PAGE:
The author of "Tora! Tora! Tora!" stood among his 450 rosebushes and talked of war and roses.

A history professor at the University of Maryland, Dr. Gordon W. Prange remembered events that took place many years ago and made it all sound like yesterday.

About a month after Japan's surrender, Dr. Prange joined MacArthur's staff as chief historian with the G-2 section in Tokyo.

Of the roses, he said the hot summer had been hard on them. But the war and occupation of Japan fared better in his thoughts. It was 32 years ago today that the Japanese high command stood with heads slightly bowed in surrender aboard the U.S.S. Missouri in Tokyo Bay.

A big, warm man at 67, Prange had enough work planned and the energy to keep him busy for another three score years.

When wars with Japan and Korea are discussed, a controversial name that can still wreck a dinner party or start a barrom brawl has to come up: Gen. Douglas MacArthur.

The current film about the general's military career, "MacArthur," was running ninth this week in a survey of about 20 cities.

How did Prange feel about him?

"MacArthur was a brilliant man; he represented a symbol of resistance to the Japanese when one was badly needed.

"He was dramatic with a tremendous sense of timing."

Prange felt that one of the most important things MacArthur ever did in his life was to marry Jean Faircloth.

"She was one of God's great noble women."

"She went out to meet the Japanese. He, on the other hand, was aloof. They called him the 'Five Start Mikado.

MacArthur, according to Prange, had close to 100 per cent loyalty from his staff.

"The one mistake the people around MacArthur made was to try and present him as a supreme human who never made mistakes."

It was on a Wednesday afternoon in April 1951 when Prange sat in his office and heard that Truman had removed MacArthur from command.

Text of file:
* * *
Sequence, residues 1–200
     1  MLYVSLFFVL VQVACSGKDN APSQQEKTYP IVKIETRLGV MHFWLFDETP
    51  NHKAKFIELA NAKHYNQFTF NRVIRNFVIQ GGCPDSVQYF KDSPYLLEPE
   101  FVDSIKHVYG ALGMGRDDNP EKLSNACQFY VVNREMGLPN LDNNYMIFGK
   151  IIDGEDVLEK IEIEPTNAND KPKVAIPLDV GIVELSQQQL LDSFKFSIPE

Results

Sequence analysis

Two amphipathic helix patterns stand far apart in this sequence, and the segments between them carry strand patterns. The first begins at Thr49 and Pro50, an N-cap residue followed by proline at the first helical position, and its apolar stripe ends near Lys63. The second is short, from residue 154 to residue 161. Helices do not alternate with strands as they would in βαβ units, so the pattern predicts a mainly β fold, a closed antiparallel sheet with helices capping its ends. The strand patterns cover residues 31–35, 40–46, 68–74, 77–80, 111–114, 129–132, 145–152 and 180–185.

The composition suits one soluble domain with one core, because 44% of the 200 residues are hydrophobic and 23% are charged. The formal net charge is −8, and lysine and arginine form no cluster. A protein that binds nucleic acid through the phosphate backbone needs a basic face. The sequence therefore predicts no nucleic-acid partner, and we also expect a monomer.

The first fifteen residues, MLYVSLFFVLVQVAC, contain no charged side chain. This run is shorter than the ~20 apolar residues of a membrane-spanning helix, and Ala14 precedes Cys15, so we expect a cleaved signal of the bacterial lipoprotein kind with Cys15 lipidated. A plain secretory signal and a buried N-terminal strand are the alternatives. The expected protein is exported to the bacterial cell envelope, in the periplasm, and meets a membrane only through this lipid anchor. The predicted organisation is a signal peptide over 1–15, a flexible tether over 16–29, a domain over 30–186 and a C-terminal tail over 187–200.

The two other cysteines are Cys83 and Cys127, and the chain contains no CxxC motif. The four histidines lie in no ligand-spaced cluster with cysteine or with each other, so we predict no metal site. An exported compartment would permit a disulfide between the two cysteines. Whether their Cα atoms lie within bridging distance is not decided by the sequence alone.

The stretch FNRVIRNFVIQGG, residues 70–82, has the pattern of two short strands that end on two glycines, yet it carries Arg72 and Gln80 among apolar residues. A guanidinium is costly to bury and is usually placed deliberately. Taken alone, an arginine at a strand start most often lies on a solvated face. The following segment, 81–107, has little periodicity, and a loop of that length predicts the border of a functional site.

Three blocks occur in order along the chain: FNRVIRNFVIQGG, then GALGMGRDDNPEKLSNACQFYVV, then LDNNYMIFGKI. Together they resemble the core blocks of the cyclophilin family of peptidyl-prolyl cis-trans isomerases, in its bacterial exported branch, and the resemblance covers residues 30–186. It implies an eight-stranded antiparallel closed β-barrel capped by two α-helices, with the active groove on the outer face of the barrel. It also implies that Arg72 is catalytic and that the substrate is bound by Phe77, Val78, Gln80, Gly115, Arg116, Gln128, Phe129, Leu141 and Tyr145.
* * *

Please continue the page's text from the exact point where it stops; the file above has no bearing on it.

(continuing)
"I was astounded at the time. Terribly distraught, ver disturbed. I thought Truman made a great mistake.

"I thought he could let Ridgeway fight the war in Korea and let MacArthur continue in Tokyo.

"Since that time I realize that Truman had no other decision to make.

"He was the Commander-in-Chief and MacArthur was insubordinate. if one of MacArthur's men did that to hiM, why, he would cut his head off."

"One thing that got in MacArthur's way was his extreme ego. In Japan he let his ego get the best of him when he sent his 8th Army almost to the Yalu. That was the flamboyance of MacArthur. Sometimes his ego clouded his judgment."

Prange, like a lot of historians, has clean waste baskets and shelves cluttered with papers, books, and folders. His study is full of more information on Pearl Harbor than can be found any other place in the world.

On a dining room table, among many manuscripts he is preparing for publication sits a beautiful bound book of "Tora! Tora! Tora!" printed in Japanese.

Prange can speak about 80 per cent Japanese but cannot read it. During his five years serving as a historian he sent to the University of Maryland 450 large crates of every book, magazine or other publication printed during the occupation.

To help gather the documents Prange had a whole group of Japanese ex-army and navy officers who were employed in the historial section of G-2.

The crates were sent over as ballast on ships, and the freight from California to the University of Maryland was paid by the university.

He is proud of the collection, noting that "scholars come from all over to use the collection for study."

The surrender marked the beginning of the occupation of Japan that would last six years and become the only example of a Western culture attempting to completely change - economically, politically and socially - the structure of an Asian nation.

In all the years he worked for MacArthur, Prange had only one long private session with the general.

"It was a two-hour session where I briefed him about the book project.

"I talked for about 50 minutes and he sat there, a gentleman from the tips of fingers to his toes."

When Prange gets tired of writing books, reading papers and preparing lectures he puts on old clothes and goes out to crawl among his 450 rose bushes.

"Look," he said proudly, "there isn't a weed among them."

Then he pointed out a 9-foot-tall rose bush. "That's Mr. Lincoln. I had a Japanese friend here just the other day admiring them. But the summer has been tough on them."